Tuesday, April 25, 2006

Globally, Women Want to Own Businesses

Women business owners all over the world have much in common. They want to earn their own money and provide a better home for their family. They want to be creative, productive and self-sufficient. And they want to share their entrepreneurial victories with their closest women friends.

Read the article here: Inside Entrepreneurship: Globally, women want to own businesses

Wednesday, April 19, 2006

The importance of sex

Even today in the modern, developed world, surveys show that parents still prefer to have a boy rather than a girl. One longstanding reason why boys have been seen as a greater blessing has been that they are expected to become better economic providers for their parents' old age. Yet it is time for parents to think again.

Girls may now be a better investment.

Read the Economist article here.

Friday, April 14, 2006

Women Entrepreneur Expresses Herself Through Her Own Greeting Card Company

"This better be the only wedding card I ever give you."

That line is an example of the kind of biting humor you'll find in a Quiplip card. The greeting card company, founded in 2002 by Bridget Hobson (pictured), prides itself on being unconventional and unlike a lot of mass-market card lines.

Hobson's only experience in the greeting card-making business was handcrafting cards when she was 6 years old. The [entrepreneurial] bug hit her again when she was in her 20s and frustrated when she couldn't find cards she could relate to.

Read the story here: Quirky Card Company Pushes Envelope

Tuesday, April 11, 2006

Are Women Happy Under the Glass Ceiling?

Even before The Wall Street Journal coined the term "glass ceiling" 20 years ago, researchers debated why women seldom reach the highest ranks in business. Do women choose less stressful jobs so they can enjoy life more? Are they shut out of golf games and other informal networks that help men make crucial professional contacts?

Before we move on to answer those questions, I want to give you the powerful ending FIRST so you understand why we established the EFCA blog:

[But Susan Solovic, CEO of SBTV, a Web site that creates video programming aimed at small-business owners, offers another reason why women aren't complaining about the pay gap: They've decided to work for themselves. The number of women-owned firms grew 17% between 1997 and 2004, according to the Center for Women's Business Research, while the total number of firms rose only 9%. Says Solovic: "There is really no glass ceiling when it comes to owning your own business."]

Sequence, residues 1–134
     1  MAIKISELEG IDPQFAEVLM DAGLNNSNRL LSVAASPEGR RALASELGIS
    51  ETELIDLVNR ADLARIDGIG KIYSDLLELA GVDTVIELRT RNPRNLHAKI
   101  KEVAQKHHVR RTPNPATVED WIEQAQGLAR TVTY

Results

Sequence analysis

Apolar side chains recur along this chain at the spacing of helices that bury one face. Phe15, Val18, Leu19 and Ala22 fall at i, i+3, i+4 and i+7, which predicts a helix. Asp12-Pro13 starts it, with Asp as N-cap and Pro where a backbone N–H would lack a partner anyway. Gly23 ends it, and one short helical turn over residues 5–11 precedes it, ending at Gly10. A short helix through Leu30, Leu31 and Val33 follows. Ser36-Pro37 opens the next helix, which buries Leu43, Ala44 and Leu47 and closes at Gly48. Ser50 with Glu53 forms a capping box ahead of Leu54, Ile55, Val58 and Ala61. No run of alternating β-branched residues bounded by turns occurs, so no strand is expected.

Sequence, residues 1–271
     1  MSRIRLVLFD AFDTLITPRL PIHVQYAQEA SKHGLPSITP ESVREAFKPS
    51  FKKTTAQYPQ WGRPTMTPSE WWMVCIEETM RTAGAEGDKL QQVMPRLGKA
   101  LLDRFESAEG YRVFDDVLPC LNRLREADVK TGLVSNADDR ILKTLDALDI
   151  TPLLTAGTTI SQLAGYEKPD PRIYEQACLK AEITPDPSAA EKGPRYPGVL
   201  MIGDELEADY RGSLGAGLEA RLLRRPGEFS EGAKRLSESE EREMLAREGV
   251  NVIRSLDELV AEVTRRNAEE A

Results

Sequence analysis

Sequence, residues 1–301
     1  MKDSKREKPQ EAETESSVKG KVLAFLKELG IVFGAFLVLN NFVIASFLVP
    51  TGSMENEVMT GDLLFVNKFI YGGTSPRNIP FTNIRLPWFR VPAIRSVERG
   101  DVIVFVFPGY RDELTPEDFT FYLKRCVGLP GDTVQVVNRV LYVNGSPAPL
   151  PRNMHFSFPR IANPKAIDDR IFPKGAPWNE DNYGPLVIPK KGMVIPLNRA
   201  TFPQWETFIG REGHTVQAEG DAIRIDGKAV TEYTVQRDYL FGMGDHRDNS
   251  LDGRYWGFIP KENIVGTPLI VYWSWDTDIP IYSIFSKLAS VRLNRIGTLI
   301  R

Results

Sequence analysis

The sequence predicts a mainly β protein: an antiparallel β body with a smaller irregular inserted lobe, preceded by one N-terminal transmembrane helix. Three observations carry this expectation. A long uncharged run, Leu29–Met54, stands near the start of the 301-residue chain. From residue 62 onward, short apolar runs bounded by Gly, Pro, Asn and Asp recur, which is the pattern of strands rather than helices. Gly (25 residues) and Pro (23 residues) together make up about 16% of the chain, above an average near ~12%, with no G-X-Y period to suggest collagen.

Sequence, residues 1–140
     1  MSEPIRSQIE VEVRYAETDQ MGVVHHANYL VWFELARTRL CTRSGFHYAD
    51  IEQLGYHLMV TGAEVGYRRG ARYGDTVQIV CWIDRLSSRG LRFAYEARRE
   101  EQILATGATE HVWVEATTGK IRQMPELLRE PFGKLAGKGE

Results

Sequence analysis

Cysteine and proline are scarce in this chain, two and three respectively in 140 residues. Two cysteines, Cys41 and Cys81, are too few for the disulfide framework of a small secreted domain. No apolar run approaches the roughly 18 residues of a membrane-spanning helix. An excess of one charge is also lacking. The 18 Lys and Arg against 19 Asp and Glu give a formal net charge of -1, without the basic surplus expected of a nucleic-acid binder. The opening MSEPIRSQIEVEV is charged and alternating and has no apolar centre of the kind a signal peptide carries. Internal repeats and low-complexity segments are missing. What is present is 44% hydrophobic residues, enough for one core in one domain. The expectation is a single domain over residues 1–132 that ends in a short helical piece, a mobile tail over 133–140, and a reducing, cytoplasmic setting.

Now read the article below to find out how and why it leads to Susan's concluding remarks and then let us know what you think!

Are Women Happy Under The Glass Ceiling?

Friday, April 07, 2006

Women Entrepreneurs Are Confident in Business Skills

Women Entrepreneurs Seek New Opportunities; Are Confident In Business Skills; Use Work Experience As Springboard; Yet, Gender Gap Persists

Women entrepreneurs use the same strategies as their male counterparts -- seeking opportunities, taking risks, mingling with other entrepreneurs, and sharpening their business skills -- according to the Global Entrepreneurship Monitor (GEM) 2005 on Women and Entrepreneurship.

Based upon survey data from more than 107,400 respondents in 35 countries, today’s GEM Women report, prepared by scholars at the Center for Women’s Leadership at Babson College, gives a clear indication that while women entrepreneurs often exhibit patterns of behavior similar to those of men, a gender gap nonetheless exists for entrepreneurial activity across the globe.

Women most likely to be entrepreneurs are those who hold jobs, have higher levels of household income and education, and have confidence in their level of skill and in the possibility of their success.

In case you missed it, read the Babson release and download the report here.

Monday, April 03, 2006

In Business, Women Can Handle More Than One Thing At A Time

At a time when some corporate executives are spending more time in court than in boardrooms and talk of a flagging economy is on everyone's lips, little appears certain in the world of business.

But for one particular demographic -- both locally and nationally -- business appears booming, and success has never been such a sure thing.

A recent Census Bureau report found that women-owned businesses grew at twice the national rate between 1997 and 2002 to an estimated 10.6 million.

Women Owning More Establishments